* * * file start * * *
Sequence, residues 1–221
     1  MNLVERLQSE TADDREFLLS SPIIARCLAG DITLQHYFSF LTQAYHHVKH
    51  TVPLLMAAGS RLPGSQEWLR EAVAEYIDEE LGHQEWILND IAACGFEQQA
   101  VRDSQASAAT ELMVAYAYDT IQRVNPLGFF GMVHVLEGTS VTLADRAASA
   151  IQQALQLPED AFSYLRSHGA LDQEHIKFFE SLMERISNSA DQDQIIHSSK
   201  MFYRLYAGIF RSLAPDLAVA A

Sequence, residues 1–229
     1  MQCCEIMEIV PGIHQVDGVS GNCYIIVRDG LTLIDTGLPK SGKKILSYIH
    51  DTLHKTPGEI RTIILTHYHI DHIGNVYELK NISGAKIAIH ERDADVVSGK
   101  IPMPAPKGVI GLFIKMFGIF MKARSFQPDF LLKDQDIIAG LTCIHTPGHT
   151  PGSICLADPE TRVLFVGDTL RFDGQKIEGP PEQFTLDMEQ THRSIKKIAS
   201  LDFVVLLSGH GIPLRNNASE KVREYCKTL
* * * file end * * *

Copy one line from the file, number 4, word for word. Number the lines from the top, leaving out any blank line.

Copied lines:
   101  VRDSQASAAT ELMVAYAYDT IQRVNPLGFF GMVHVLEGTS VTLADRAASA